And that which is beyond and outside of it is not a thing. But it's the absence of all clinging, the absence of all self-preoccupation. Such a radical, radical, radical absence that it really gets our attention. And really, "Wow! It's possible." It really is possible, after all, to experience, to have, to live this life without any clinging, or attachment 'whatsoever.' It's a phenomenal thing to know that.
That freedom from clinging, itself, clears the dust, in a sense, from our hearts – from the windows of our hearts – that now, it's so much easier to have compassion. It's so much easier to have love. Because there are no smudges. There's no dust. There's nothing in the way of that tenderness, that warmth. Nothing in the way of being touched by the world and the heart touching the world.
So we find that there's a whole new level of what compassion can be after some really deep letting go happens. Compassion can be part of the path to letting go, because it really is supportive. It helps us relax, and it can be very compelling to really settle into a strong sense of compassion. Then it can also be the stepping stone for a deep releasing that goes on.
Once a person has experienced deep release, the heart is open, and compassion is awoken in a greater way, then the Buddha's instruction is to go forth into the world for the welfare of humans and gods, for the welfare and happiness of all beings. In other words, live caring for this world, live for the welfare of the world. And not because we should. I feel it's because that's what the heart wants to do. Acting on compassion is an extremely important thing to do.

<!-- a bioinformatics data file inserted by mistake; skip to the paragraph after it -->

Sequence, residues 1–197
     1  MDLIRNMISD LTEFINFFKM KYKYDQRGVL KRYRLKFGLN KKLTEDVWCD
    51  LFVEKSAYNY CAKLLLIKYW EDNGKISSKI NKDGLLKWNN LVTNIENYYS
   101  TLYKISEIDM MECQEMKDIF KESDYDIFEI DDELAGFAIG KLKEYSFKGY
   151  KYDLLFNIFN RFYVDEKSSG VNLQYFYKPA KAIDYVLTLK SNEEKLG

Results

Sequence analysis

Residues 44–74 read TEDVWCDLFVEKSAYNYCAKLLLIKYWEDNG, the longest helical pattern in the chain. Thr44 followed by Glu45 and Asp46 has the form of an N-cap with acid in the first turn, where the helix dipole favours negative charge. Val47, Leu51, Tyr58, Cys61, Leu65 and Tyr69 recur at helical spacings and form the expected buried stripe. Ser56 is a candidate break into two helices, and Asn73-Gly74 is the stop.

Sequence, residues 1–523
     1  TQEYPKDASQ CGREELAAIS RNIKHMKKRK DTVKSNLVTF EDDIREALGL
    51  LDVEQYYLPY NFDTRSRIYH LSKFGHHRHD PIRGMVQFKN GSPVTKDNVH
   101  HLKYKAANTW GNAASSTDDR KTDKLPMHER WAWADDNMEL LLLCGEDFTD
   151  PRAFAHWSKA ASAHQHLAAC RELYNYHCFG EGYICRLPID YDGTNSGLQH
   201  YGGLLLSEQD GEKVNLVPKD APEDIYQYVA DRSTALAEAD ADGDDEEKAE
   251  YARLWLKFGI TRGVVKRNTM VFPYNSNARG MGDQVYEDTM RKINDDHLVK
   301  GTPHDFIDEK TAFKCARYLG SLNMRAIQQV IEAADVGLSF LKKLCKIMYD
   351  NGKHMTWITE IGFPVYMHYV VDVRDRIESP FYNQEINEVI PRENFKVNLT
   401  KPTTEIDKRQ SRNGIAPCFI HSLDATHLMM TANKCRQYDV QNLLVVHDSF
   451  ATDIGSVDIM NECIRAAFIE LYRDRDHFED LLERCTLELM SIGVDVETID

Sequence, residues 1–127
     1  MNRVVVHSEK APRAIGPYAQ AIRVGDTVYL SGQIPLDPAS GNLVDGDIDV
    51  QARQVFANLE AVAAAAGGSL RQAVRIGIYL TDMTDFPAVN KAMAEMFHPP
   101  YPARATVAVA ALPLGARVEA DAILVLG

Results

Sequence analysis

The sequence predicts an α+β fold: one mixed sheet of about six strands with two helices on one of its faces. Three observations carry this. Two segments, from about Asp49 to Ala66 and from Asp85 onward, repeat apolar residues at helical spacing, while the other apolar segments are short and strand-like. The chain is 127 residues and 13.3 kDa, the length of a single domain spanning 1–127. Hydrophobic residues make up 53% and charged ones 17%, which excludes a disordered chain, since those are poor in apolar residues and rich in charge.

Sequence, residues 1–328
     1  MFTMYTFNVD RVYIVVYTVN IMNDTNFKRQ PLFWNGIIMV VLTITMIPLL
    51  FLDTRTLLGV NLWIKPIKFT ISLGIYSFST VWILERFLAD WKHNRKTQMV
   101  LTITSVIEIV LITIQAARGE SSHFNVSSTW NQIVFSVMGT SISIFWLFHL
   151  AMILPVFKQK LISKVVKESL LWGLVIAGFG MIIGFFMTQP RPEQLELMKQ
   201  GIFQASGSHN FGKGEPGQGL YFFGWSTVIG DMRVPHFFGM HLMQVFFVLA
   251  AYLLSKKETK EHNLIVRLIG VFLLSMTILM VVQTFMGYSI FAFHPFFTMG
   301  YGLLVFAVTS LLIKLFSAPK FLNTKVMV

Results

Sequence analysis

To not act on our compassionate impulses is a kind of restriction, a kind of closing down. It's a kind of diminishing or, sometimes, even a kind of a wounding of ourselves. If we have an impulse for compassion, act on it. It's a feedback loop there too. The more we act on compassion – as pure a compassion as we can – the more that compassion then feeds back to us and supports us. Just the idea of compassion – and the thought "I am compassionate" – just meditating on compassion – really shortchanges us. It's in the enactment of compassion that compassion really comes to fulfillment, to completion.
Sometimes the practice of compassion is to practice acting as if you have compassion, knowing very well you're acting "as if." But sometimes, acting "as if" evokes, awakens, and clears the space for an innate capacity of compassion to grow, develop, and catch up to what we're actually acting out.
So, the brahmavihāra of compassion – one of the great gifts and treasures of this tradition of practice, of Buddhism. May it be that you treasure whatever capacity for compassion, karuṇā, that you have hints of, that you've touched into. Treasure it. Value it. Make room for it. May it have a strong place in your life. May you benefit from that. And may you benefit all beings from that. Thank you.